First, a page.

· Over the past few decades we’ve seen schools shift from being public spaces to being very closed ones.
· This is partly down to the fears of terrorism and sexual predators and other exploitation of schoolchildren.
· So those are challenges that have to be overcome, not just in altering the schools, but in extending this kind of scheme to more public buildings and spaces.
The shape of things to come. Which brings us nicely to a new shape that’s already here.
· Researchers at the University of Seville have discovered a new shape.
· And no, they weren’t messing around with adult colouring books, they were doing important research in biomedicine.
Which ties back to last week’s show. Don’t be afraid of biotech?
· Yes exactly. The Seville team was researching into epithelials, the cells that line the inside and the outside of our body and without which TV shows like CSI wouldn’t exist.
· They found that they adopted a very specific form as they were packed together.
· Originally they were expected to be like prisms or some kind of pyramid.
· The shape which has been named a scutoid, resembles a twisted prism.
A bit like those crushable, disposable water bottles?
· Not so much in the shape that yes very much so in terms of the theory.
· The reason is so that cells can cram together and pack down.
· It’s like an architectural building block.
· It’s what allows how organs to have their rigidity and integrity.
Is there any real world application for the shape?
· Again, very much so.
· There’s a nice quote from the team on the design boom website where they describe scutoids is kind of being like the Lego from which animals are made.
· And of course as we increase our research into areas like 3-D by printing to make replacement or artificial organs,
· Knowing how the scutoids work and learning how to replicate them could mean the difference between printing a fully functional human liver or a bowl of bakuteh.
Before the break we had Matt by the Scutoids. Any more discoveries for us this week?
· Yes, from human organ soup to something even more disgusting.
· Last year the Whitechapel Fatberg was liberated from London sewers.
· A mixture of facts and household waste, its one of the largest ever found.
· 250 m long and weighing 130 tonnes.
· A small chunk of it was put on display at the Museum of London in February and it proved to be a massive hit.
Is that safe? Like, hygienic?
· Well, of course it's a major biohazard. You wouldn’t want to actually touch it.
· Museum spent several months trying it out and it’s now housed inside the box inside a box inside the box.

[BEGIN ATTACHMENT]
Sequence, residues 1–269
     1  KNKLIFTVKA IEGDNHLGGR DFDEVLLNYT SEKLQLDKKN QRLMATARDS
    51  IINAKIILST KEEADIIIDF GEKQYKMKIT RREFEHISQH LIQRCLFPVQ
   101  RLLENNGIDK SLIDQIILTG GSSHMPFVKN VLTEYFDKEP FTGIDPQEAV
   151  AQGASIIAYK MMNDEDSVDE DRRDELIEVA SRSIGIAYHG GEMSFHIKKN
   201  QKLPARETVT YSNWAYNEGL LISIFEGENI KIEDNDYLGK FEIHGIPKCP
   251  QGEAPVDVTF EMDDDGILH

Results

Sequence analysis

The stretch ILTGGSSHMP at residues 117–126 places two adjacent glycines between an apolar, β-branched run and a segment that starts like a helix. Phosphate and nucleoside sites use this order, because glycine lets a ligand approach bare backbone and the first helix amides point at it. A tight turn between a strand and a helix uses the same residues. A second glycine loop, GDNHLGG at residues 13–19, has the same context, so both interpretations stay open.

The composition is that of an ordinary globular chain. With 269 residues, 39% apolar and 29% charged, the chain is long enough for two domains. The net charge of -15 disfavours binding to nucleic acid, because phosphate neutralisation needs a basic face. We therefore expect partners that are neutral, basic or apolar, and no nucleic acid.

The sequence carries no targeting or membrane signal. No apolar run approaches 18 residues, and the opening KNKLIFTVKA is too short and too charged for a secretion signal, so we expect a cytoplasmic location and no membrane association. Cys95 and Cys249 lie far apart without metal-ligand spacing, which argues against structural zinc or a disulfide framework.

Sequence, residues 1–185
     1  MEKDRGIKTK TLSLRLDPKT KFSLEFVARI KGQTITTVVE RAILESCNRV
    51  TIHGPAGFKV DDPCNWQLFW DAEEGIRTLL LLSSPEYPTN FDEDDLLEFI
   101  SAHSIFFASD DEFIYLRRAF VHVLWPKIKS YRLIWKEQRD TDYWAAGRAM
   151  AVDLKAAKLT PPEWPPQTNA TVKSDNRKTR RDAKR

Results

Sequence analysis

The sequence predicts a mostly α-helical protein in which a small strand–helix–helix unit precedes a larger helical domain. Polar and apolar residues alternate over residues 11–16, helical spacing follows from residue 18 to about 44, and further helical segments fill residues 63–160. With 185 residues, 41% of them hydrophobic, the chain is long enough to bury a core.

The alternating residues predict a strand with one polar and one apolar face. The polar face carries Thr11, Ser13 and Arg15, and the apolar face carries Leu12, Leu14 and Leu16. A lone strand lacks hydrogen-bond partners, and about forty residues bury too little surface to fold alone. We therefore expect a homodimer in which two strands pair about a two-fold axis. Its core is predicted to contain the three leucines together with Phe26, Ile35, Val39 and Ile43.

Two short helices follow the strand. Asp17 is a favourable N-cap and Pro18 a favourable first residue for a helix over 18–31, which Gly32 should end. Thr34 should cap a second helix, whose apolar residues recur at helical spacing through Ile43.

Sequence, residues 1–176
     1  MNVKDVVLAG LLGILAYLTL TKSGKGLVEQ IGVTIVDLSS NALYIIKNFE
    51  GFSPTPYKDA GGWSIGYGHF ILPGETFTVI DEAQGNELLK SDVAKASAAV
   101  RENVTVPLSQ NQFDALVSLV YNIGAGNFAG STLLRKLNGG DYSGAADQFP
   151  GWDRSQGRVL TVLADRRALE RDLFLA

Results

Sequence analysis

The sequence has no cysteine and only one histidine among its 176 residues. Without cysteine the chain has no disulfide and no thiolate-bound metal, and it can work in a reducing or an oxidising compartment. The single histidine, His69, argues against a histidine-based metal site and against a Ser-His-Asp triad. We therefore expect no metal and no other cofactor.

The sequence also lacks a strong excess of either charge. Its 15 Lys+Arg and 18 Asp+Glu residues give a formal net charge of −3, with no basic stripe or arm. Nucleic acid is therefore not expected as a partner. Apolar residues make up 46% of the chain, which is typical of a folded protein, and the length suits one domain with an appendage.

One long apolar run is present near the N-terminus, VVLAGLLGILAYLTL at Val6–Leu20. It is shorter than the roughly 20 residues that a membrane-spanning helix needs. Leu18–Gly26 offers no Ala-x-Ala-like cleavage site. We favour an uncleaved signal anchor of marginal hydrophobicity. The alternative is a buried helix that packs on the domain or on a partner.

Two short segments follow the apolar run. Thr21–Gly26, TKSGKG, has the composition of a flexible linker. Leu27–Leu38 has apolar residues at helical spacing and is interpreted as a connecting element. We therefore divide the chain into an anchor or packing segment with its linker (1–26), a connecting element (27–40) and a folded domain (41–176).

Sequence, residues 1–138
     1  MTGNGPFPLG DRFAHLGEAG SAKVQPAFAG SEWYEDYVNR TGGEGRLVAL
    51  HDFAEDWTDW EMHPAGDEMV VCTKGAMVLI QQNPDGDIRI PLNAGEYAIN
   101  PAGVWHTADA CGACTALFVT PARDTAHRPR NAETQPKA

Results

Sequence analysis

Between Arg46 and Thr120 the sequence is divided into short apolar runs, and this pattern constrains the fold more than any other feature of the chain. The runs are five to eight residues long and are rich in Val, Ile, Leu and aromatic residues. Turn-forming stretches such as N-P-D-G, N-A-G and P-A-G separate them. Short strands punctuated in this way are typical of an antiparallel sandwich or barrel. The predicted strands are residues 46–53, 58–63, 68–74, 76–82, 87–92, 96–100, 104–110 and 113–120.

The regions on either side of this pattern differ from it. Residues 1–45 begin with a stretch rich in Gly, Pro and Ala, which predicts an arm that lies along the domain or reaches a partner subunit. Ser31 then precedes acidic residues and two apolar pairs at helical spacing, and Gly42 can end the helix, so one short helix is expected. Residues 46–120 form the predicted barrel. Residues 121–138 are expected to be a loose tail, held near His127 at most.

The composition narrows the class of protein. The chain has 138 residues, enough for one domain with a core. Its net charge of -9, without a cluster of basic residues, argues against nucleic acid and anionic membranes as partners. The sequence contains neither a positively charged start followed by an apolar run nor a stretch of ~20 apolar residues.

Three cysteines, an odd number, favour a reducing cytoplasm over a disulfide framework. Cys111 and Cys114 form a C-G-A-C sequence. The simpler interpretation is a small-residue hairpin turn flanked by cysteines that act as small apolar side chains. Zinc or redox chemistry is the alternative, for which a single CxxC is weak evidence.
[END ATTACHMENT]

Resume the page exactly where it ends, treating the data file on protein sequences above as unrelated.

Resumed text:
· It’s odour has apparently mellowed somewhat, currently smelling rather like a damp basement than a sewer pipe.
· What was intended to be a temporary exhibit, has now been added to the permanent collection because demand to see it has been so great it is now being Livestreamed to the world.
· It’s still in the process of decaying, so you can logon periodically to see how it changes over time.
· And I can send it becomes such an enormous draw, the museum staff wanted to extend its reach.
· If you’re looking for something that sums up the way Live in densely populated urban centres. Then a fatberg is a pretty good symbol.
· To watch it head over to FatCam on Youtube. As of today it looks like a piece of granite.
While we’re on the subjects of liquids and gases, I hear you’ve been to Kelt-9B this week?
· Not as in actually visiting as it’s 620 light years and that would involve you having to feature Future Matt on the show again.
· But reading about it, yes.
· Kelt-9B is the hottest planet so far discovered. At around 4000°C it’s not as hot as our sun which is around 6000°C.
· But that still makes it hotter than many of the suns in our universe.
Wasn’t this discovered last year? This news is a little old, even for Mattsplained…
· It’s back in the news this week because we’ve finally been able to discover what it’s atmosphere consists of.
· Scientists at the Galileo National telescope in the Canary Islands robot to do some really clever stuff by analysing the tiny fraction of light from the story orbit as it travels through Kelt-9Bs atmosphere.
· They think the planet is largely gaseous, consisting mainly of hydrogen.
· They also detected Iron and titanium vapour.
· Yes, this planet is so hot that it’s air is vaporised metal.
Is that unusual?
· It’s the first time that we’ve seen signs of metals outside our solar system so yes that is pretty unique.
· And that’s where able to examine planets further and further away from our own, we can use the same techniques that allow us to spot metals also allow us to spot oxygen or other molecules that are fundamental to the Evolution of life.
From the sewers to the stars. An oddly inspirational message. Let’s stay with space for the next item.
· There has been renewed interest past few years in setting up permanent or semipermanent basis on the moon.
· As we know President Trump has just founded space force, and what good would space for speed if its base was our planet?
· China, India and the US all seems set to revisit the moon in coming years.
· Of course, if you want to send more than a couple of people for any length of time you start to run into a lot of logistics issues.
Not the least of which is water…
· You’ve hit it on the head as usual.
· Recently analysed data has shown that there is water ice in patches surrounding the moon’s polls, with the bulk of it concentrated at the southern pole in areas that are sheltered from the sun’s glare.
· And it’s hoped that that ice, which has been there for billions of years, could be used to provide drinking water for Moon exploration teams.
What happens when it runs out?
· That’s the part we are not very good at.
· We tend to keep using things until they run out without thinking too much of what comes after.
· Which is why Paris is trying to cool itself down.
· Extraction of the water may be an issue as well, Data would suggest that it’s not present in sheets like you’d find in a glacier here on earth.
· Rather the ice is thought to have formed around granules of moondust which is them clustered together.
· See you probably wouldn’t want to eat it like a lollipop. Especially as that moondust would probably shred your oesophagus.